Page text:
Detecting an IR Beam Break with the Arduino IR Library

One reader asked how to use my Arduino Infrared Library to detect breakage of an IR beam. The answer was too long for the comments section, so I've extended into a blog post. One straightforward way is to use the library to modulate an IR LED at 38kHz, and use a standard IR detector module to detect the signal. The output from the module can be simply read as a digital input.

Here is a simple sketch to do that. The IR LED is connected to pin 3 through a 100 ohm resistor, the detector is connected to pin 2, and a status LED is connected to pin 13 (if your Arduino board doesn't have it already.) To create the modulated output, simply call irsend.enableIROut(38); to set the PWM to 38kHz, and then irsend.mark(0) to send a mark (i.e. turn the output on). The loop simply reads the input from the detector, inverts it (since the detector is active-low), and writes it to the status LED.

#include <IRremote.h>

#define PIN_IR 3
#define PIN_DETECT 2
#define PIN_STATUS 13

IRsend irsend;
void setup()
{
  pinMode(PIN_DETECT, INPUT);
  pinMode(PIN_STATUS, OUTPUT);
  irsend.enableIROut(38);
  irsend.mark(0);
}

void loop() {
  digitalWrite(PIN_STATUS, !digitalRead(PIN_DETECT));
}
You should see the pin 13 LED light up when the IR receiver detects an infrared signal, and go dark when the receiver does not detect an infrared signal. The circuit is basically trivial, but there's a schematic at my original article if you need one. The following picture shows the detector setup. Note the illuminated status LED.
IR detector circuit
If the circuit doesn't work, first use a cell phone camera to verify that the infrared LED is lit. If the LED is not lit, try reversing it. Here's my cellphone's view of the illuminated LED:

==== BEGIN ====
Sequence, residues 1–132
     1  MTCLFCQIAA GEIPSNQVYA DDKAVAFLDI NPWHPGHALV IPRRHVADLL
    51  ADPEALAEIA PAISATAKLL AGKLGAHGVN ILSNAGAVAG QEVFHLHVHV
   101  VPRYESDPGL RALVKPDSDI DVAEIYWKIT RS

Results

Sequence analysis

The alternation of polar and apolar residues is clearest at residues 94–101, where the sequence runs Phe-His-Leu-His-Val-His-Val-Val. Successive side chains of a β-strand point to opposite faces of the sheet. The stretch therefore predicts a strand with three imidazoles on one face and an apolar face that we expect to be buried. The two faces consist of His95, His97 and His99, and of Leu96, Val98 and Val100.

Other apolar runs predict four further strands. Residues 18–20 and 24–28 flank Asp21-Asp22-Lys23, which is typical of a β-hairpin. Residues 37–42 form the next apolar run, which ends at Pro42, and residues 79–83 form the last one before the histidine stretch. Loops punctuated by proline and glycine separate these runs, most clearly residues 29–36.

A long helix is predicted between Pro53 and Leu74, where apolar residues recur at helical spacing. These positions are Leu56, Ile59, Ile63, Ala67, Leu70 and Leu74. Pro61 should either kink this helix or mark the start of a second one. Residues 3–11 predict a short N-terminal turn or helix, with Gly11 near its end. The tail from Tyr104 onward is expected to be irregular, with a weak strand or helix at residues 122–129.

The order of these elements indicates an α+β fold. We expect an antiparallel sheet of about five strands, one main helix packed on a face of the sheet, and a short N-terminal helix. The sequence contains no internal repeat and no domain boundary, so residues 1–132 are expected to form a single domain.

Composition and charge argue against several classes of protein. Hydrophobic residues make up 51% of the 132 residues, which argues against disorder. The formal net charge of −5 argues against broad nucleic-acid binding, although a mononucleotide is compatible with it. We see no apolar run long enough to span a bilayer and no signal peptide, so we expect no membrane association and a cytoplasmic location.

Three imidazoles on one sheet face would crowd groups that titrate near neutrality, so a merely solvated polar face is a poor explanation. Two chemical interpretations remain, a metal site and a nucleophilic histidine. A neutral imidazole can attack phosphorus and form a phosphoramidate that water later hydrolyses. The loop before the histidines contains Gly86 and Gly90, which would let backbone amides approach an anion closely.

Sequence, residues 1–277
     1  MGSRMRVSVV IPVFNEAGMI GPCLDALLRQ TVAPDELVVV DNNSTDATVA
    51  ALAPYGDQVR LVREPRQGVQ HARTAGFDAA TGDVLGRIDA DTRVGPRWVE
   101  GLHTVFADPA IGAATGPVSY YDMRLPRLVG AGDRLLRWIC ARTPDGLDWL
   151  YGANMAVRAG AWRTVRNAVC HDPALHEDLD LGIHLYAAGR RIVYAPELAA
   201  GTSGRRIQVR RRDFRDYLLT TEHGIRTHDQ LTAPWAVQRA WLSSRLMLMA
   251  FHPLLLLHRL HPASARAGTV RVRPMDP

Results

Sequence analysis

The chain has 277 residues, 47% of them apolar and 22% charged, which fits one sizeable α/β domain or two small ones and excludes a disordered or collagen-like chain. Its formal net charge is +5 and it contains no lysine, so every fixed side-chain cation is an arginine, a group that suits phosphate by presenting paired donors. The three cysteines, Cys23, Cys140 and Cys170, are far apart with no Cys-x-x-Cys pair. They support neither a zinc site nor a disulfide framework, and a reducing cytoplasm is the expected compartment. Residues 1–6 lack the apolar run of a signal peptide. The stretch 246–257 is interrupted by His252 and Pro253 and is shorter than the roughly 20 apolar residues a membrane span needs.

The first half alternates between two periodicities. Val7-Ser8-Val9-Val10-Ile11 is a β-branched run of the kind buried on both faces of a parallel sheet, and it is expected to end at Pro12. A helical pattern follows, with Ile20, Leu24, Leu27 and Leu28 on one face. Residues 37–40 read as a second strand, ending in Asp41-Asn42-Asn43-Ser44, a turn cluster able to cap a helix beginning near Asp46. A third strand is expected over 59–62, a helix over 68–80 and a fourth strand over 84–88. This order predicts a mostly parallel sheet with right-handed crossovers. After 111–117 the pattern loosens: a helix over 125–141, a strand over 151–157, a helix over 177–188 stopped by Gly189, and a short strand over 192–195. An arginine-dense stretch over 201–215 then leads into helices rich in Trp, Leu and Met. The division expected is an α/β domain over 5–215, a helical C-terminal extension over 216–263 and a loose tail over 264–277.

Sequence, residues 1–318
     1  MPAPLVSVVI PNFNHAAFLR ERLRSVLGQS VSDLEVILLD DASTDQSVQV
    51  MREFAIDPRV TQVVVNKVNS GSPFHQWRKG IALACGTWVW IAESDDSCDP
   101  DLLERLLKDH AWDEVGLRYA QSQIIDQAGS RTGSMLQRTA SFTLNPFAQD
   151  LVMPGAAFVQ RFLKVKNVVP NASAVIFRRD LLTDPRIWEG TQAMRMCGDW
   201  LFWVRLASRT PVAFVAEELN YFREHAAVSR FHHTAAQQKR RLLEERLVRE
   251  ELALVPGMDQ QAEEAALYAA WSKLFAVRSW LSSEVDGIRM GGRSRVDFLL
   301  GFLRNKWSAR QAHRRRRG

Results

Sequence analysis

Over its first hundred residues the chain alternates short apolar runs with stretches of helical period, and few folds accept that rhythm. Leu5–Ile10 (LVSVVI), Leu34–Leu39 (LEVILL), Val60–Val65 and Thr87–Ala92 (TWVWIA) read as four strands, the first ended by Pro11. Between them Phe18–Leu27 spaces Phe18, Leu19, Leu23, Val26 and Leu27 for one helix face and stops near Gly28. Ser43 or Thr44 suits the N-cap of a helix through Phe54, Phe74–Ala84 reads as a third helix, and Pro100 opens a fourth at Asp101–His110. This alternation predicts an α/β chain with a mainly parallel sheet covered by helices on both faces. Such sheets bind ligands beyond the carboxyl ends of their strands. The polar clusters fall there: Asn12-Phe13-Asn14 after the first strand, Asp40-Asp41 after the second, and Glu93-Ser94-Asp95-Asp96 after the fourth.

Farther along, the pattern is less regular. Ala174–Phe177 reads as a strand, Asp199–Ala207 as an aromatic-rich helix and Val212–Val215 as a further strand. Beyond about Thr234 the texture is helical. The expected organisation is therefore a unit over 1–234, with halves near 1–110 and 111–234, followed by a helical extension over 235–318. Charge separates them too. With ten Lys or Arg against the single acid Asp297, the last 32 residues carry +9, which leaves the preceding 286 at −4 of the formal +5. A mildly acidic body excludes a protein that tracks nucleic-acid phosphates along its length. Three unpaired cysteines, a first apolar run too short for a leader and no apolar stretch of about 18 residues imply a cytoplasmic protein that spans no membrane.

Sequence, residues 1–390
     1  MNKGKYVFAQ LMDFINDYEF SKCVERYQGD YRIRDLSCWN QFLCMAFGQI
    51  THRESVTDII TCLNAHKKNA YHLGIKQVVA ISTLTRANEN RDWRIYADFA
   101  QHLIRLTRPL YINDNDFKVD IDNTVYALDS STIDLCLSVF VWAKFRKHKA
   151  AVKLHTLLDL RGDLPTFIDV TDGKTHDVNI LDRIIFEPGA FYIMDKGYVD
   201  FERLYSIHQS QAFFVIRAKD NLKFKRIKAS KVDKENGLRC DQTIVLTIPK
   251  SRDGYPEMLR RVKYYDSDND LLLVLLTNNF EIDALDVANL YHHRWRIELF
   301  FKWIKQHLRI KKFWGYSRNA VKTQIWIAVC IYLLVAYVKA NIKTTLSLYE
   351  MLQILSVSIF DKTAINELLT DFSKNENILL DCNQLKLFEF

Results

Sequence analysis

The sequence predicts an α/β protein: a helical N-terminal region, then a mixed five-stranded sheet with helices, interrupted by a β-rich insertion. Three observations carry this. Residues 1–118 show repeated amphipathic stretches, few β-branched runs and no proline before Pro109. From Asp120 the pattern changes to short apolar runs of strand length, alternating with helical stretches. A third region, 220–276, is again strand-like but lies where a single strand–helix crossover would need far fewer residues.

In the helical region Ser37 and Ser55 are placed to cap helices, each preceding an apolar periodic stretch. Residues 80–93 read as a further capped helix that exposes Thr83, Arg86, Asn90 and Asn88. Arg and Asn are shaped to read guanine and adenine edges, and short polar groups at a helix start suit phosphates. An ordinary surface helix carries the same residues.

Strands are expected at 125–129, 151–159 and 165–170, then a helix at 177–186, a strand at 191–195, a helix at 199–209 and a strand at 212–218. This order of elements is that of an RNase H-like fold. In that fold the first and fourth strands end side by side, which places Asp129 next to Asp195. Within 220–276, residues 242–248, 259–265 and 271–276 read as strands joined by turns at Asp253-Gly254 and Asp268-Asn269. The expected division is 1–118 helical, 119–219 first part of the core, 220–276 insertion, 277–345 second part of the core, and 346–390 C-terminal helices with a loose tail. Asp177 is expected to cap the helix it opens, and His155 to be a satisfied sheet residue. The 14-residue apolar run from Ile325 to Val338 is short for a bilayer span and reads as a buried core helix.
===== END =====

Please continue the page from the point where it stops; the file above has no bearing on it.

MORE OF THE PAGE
illuminated infrared LED
Next, point a TV remote control at the detector and make sure the status LED flashes. If the status LED doesn't come on, make sure you wired the detector properly, and connected to input 2 of the Arduino. If the status LED won't turn off when you break the beam, you probably aren't blocking the IR signal well enough. The detector is very sensitive, and IR bounces off many things, so you may need to separate the LED and detector by several feet and make sure you're fully blocking the IR beam. Note that the library assumes you're using a ATmega168/328, so you're on your own if you have a different processor.

The tricky part of this is the optics - figuring out how to set up the LED and receiver so the beam gets interrupted when you want it to. Also, you'll probably want to modify the detection logic to do something more interesting than just set the status LED, but that's left as an exercise for the reader :-)

34 comments:

Ioan said...

Thank you!
Best regards.

Anton said...

This technique can alsa be used for non-contact collision detection for robots. The Boe-Bot for example does just that, send out a 38kHz IR beam and check if it's reflected.

Ioan said...

Yesterday I received the 38kHz IR detectors from Digi-Key and I was able to test the IR Library. Worked perfect from the first try. Thank you!

lukethomastaylor said...

Is there any way to do this "PWM style" break beam with a simple IR detector (i.e. not one that automatically detects a 38kHz modulated IR signal, just a transistor)?

Sergio said...

Hi, This is a great library and circuit. Thanks for sharing.